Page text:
Hamilton’s First Shipping Container Home Was Built in a Day
Hamilton’s first-ever shipping container home was painted red to match the brick houses on the street. But that’s where the similarities end.
On Wonder Inc.’s website, the first thing visitors encounter is a quote by Rem Koolhaas: “People can inhabit anything.” It’s a sentiment that the Toronto interdisciplinary studio, known for its explorative takes on modular housing, take dead seriously. Led by Jason Halter, Wonder Inc. has experience designing container structures in China, Canada, and the U.S., including in post-Katrina New Orleans. It’s no wonder why Wonder Inc. was selected to build Redhouse, the first shipping container home dropped, installed and built in Hamilton (Ontario). And it only took a single June day to erect it.
Commissioned by a local entrepreneur with an NGO background, Redhouse was imagined as a single-family home that could, if necessary, be cleaved into two townhomes. The client wanted space to live, but also hoped to house refugees, new Canadians and friends from abroad. “The single-family dwelling is intended to be a single-family dwelling,” says Wonder Inc.’s Jason Halter. “I think the client intends to redefine what ‘family’ might mean in this context.”
After securing a building permit on a double-wide lot that had sat vacant for 50 years, Wonder Inc. designed an eight-container, three-storey house resting on a 1,280-square-foot concrete base. “Our task was four-fold. We had to rationalize what the client wanted and to orient the shipping containers in such a way as to give separation for the individual bedrooms in the home. We also had to provide a massing that would be simple. On top of that, it had to fit into the neighbourhood some way,” says Halter. And it’s the firm’s biggest container build to date.
The building is an octet of 8-by-40-foot modified high-cube containers custom-fastened to a foundation. It was painted in red polyurethane paint. This is a deliberate nod to the neighbourhood’s brick homes. Halter says the 2,560-square-foot structure will feature between four and six rooms. The ground floor will feature the kitchen. This will have an upcycled German system and refurbished radiators providing heat supplemented by a wood stove. Also on the ground floor is living space, bathrooms, mechanical areas and storage. The upper floor will house a master suite, additional bedrooms and a bathroom. Each bedroom features operable windows and balconies made from the shipping containers’ barn doors, fastened with steel grafting. The excess energy generated by the rooftop photovoltaic panels will be fed back to the grid.
A Simple Palette
Though its layout will be flexible, its design was kept deliberately simple, embodying Wonder Inc.’s self-described lunch-bucket aesthetic. “Uncomplicated, systems-based, and resilient,” says Halter. “God may be in the details, but mother nature is in the materials. We love raw steel, Douglas fir plywood, solid woods and plain stone finishes. The goal was to use a highly restrictive material palette: I had proposed fewer than five materials throughout.”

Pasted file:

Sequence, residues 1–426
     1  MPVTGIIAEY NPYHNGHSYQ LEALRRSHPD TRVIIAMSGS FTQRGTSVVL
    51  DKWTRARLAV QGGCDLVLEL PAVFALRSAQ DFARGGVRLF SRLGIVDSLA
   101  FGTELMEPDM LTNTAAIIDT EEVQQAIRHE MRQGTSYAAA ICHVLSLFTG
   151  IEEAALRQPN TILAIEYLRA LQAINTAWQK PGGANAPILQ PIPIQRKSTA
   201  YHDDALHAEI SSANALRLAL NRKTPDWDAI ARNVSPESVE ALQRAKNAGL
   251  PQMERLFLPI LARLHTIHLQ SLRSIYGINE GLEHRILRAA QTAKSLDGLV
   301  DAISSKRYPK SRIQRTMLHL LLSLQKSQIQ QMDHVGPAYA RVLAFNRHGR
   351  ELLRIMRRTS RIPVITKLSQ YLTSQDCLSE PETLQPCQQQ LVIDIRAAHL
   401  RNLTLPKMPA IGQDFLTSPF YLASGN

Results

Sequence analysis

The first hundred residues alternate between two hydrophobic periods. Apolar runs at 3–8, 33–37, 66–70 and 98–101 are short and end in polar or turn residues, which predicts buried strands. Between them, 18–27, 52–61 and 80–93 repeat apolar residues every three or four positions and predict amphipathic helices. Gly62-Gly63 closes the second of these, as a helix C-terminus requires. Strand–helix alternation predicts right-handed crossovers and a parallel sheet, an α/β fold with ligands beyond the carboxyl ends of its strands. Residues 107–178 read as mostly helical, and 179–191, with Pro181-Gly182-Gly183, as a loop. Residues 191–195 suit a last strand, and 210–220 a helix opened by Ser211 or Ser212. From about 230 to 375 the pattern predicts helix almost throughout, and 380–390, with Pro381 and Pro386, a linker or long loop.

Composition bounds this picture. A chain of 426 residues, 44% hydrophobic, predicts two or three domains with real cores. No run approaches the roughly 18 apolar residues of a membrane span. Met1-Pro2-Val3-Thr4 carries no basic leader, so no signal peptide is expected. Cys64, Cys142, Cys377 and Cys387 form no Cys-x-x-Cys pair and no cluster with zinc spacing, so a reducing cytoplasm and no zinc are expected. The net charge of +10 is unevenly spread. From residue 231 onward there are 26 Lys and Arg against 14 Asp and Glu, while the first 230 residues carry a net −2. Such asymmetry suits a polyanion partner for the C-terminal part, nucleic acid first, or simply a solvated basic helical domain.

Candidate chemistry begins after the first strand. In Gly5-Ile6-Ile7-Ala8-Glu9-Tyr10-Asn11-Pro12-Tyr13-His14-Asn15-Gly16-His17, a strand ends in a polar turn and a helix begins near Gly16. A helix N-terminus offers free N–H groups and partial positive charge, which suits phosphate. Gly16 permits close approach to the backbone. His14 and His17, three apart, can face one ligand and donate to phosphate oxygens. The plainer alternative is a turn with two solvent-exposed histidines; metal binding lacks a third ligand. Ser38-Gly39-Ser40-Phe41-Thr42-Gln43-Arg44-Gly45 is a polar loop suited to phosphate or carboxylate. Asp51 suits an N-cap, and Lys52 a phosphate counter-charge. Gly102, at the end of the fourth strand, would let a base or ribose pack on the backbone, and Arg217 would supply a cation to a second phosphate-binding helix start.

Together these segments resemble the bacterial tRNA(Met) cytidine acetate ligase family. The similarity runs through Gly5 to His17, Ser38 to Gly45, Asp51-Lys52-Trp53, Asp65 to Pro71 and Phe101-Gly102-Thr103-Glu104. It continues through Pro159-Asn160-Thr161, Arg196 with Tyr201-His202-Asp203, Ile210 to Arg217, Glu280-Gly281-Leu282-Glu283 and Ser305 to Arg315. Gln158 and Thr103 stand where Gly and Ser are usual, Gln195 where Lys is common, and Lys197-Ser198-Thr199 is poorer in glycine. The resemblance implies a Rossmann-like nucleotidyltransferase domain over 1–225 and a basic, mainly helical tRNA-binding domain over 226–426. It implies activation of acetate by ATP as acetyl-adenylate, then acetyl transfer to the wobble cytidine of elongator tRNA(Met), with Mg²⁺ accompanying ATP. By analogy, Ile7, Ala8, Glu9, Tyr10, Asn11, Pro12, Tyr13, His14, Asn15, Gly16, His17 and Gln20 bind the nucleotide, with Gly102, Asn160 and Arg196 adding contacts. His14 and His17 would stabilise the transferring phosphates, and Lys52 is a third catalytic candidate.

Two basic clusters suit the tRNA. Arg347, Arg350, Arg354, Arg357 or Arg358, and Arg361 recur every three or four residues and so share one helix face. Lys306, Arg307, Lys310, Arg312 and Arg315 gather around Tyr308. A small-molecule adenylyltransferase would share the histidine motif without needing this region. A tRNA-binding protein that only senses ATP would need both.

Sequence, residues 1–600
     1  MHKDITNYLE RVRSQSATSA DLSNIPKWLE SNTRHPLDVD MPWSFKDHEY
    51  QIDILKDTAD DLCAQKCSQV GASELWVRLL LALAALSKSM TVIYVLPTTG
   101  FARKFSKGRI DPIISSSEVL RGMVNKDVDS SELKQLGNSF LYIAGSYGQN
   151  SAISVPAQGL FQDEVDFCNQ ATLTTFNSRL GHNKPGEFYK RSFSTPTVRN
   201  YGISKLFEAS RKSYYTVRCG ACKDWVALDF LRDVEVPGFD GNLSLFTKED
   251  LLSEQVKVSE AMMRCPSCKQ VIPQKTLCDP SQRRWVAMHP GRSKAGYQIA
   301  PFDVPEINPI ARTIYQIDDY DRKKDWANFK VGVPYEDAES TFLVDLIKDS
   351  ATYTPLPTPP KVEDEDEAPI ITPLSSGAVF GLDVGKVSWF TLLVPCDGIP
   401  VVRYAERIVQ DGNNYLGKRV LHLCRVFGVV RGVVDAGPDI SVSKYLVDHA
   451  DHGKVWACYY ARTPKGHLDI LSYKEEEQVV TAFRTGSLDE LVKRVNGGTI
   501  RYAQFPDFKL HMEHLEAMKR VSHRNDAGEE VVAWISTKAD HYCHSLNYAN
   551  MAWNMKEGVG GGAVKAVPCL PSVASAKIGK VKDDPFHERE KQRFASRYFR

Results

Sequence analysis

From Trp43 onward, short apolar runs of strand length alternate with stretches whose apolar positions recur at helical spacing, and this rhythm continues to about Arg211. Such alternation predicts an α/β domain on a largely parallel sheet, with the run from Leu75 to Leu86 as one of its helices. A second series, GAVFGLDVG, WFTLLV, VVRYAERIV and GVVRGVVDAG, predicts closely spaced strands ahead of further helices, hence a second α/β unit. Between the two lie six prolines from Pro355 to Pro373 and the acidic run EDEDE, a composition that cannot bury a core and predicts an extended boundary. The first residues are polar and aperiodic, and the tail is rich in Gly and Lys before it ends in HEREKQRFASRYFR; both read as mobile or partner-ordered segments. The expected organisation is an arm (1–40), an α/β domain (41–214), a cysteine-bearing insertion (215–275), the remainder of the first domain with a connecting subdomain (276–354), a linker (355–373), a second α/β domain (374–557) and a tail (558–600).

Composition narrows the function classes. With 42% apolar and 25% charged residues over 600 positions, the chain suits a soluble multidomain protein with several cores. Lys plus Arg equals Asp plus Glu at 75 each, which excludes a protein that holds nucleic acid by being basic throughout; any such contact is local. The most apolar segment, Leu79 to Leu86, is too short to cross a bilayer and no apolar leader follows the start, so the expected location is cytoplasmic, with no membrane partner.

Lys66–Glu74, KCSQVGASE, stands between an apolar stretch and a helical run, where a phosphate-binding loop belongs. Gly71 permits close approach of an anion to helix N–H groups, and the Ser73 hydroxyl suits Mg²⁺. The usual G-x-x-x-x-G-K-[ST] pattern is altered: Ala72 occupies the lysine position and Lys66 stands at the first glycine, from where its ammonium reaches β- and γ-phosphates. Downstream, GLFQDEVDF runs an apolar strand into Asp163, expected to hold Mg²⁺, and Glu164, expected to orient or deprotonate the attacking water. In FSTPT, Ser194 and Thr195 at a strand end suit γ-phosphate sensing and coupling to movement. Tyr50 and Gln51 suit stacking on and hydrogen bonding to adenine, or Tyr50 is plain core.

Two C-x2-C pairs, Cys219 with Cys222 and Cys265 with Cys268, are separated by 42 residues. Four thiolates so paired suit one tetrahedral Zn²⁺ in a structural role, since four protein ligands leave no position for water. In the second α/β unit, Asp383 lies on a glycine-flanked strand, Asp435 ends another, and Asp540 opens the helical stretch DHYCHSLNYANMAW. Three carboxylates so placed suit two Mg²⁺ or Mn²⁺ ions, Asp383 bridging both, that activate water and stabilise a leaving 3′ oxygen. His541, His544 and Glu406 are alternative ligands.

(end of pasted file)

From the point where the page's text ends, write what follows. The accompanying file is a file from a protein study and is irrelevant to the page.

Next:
Putting it Together
Wonder Inc. and its building partner, StorStac, opted for a single-day installation. The containers were stacked using a 200-tonne crane; the measured steel work and levelling was prepared ahead of time. Welding, building envelope modifications and structural reinforcement were all completed in a slim eight hours. The final touches – as well as electricity, cladding and insulation, among others – will be completed by the owner. “It’s a little bit of an epic task to try and do it without the experience of a contractor, but that’s also the magic of this build,” says Halter. “You just don’t know how it might get completed. As a designer, I kind of like that challenge to see how the building will turn out.”
To some of my architect friends, this is apocryphal, but to me, I welcome the chaos.” – Wonder Inc. partner Jason Halter
The Future of the Shipping Container Home
Indeed, the building’s final incarnation is out of Wonder Inc.’s hands. But that’s the beauty of the shipping container: it’s a blank canvas perfect to design a home. Since its proliferation in the mid-20th century, the shipping container always held the imagination of experimental designers, and Halter – along with architects like Wes Jones – have built careers with them.
They’re a format Halter believes can offer flexible, durable and cost-efficient housing solutions across the country – including the north. “Our modified containers and hybrid versions are super-efficient solutions for housing challenges that require mid to long distance truck freight handling,” he says. “The built-in logistic component of the shipping container and their robust frame and overall resilient integral skins are tremendous assets for many areas of geographically and geologically diverse regions of Canada.” WONDERINC.COM
Read about Pilot Coffee’s coffee-shop-in-a-container that dropped in Prince Edward County for the summer.